Returning salt to salt marshes.
The state endangered plant saltwort grows in salt marshes in Lancaster County and nowhere else in our state. Unfortunately, decline of the marshes during the past 150 years has left this species hanging on by a thread. I held little hope of saltwort surviving in Nebraska until I recently learned of a creative new restoration method for returning salt to the damaged marshes.
A Uniquely Adapted Plant
Within salt marshes, saltwort (Salicornia rubra) grows mainly on salt flats. Wet much of the year, these clay flats dry in summer and evaporation wicks salt to the soil surface, forming a white, crystalline crust. The flats are a trying environment for plants.
Salt marshes, also known as saline wetlands, are a rare habitat throughout the Great Plains. Prior to settlement, these wetlands occupied about 20,000 acres in Lancaster County, mainly in the Salt, Little Salt and Rock creek valleys. Though uncommon in the Plains, saltwort is common in saline, inland habitats in western states.
Saltwort is a compact annual with a waxy stem and tiny, scale-like leaves, features that limit water loss. A nibble of the stem confirms the saltiness of the plant’s sap. High salt levels are needed in the roots for osmosis to draw water in from the soil. The wind-pollinated flowers bloom in late summer and consist of minute depressions in the stem. The tiny, green petals ring the depression. A single seed ripens within the stem as it fades to scarlet red then brownish in early fall.
The briny water feeding the marshes, and on which saltwort depends, is of ancient origin. During the Cretaceous Period, some 70 to 160 million years ago when central North America was a vast inland sea, the salts were laid down in shale sediments on the sea floor. Today, the now deeply buried salts reach the surface by becoming dissolved in groundwater that artesian flow carries upward through overlying layers of porous sandstone to the marsh floor. Over millennia, evaporation has concentrated the salts in these wetland soils.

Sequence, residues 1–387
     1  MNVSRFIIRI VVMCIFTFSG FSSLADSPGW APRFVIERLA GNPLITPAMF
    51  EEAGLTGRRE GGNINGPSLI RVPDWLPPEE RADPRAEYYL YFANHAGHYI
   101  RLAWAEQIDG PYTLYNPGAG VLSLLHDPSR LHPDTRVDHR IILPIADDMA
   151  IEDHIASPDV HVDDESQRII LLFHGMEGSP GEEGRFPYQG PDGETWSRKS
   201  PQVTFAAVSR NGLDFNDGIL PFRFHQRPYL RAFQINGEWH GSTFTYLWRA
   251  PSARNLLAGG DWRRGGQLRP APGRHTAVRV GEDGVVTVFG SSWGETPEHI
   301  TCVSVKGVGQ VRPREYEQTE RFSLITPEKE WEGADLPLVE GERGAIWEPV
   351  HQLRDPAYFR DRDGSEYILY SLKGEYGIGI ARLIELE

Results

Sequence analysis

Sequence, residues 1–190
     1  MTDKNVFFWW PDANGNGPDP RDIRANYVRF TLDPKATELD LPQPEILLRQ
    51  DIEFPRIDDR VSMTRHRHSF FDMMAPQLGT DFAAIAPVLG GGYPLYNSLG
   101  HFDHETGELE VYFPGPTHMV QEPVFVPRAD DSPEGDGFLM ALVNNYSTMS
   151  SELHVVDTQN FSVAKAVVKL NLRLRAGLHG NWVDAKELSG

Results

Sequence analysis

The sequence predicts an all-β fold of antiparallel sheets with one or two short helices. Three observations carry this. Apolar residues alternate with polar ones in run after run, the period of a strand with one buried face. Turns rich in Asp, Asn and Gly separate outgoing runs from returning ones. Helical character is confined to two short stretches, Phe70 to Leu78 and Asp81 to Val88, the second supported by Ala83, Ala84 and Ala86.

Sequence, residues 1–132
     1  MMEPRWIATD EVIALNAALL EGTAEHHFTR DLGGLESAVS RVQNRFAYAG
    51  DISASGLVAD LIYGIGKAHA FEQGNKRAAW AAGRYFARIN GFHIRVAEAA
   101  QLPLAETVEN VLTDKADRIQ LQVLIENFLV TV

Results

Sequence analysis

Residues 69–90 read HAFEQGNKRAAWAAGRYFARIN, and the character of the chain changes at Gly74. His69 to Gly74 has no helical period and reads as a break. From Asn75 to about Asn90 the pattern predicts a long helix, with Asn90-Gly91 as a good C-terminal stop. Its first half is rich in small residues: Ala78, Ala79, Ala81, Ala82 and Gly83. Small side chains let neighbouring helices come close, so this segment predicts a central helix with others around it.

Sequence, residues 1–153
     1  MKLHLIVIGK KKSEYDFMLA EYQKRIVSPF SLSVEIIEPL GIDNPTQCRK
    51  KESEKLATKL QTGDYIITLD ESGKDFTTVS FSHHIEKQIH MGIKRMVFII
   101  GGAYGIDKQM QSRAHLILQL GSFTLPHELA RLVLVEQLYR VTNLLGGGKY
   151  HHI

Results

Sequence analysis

Decline of the saline wetlands began soon after settlement when newly plowed upland soils washed down into the marshes burying their salt-laden topsoil with several feet of sediment. Many marshes were drained or filled as the city of Lincoln grew. Beginning about 1900, stream channelization turned the shallow, meandering creek beds bordering the marshes into deep canals that drained saline groundwater before it could seep into the marshes. And finally, increased overland flow of rainwater and snowmelt from urban areas and crop fields into the wetlands further diluted the saline soils, setting the stage for invasion by the highly-aggressive reed canary grass, narrow-leaf cattail and other non-native plants. As its habitat declined, so did saltwort.
Today there are 10 known populations of saltwort remaining in Lancaster County. Conservation groups have conserved through acquisition and easements nearly 4,900 acres of land containing saline wetlands and restoration has occurred on several of these wetlands, mainly through the plugging of drainage ditches. Although this practice restored wetland hydrology, it did little to enhance salinity and saltwort habitat.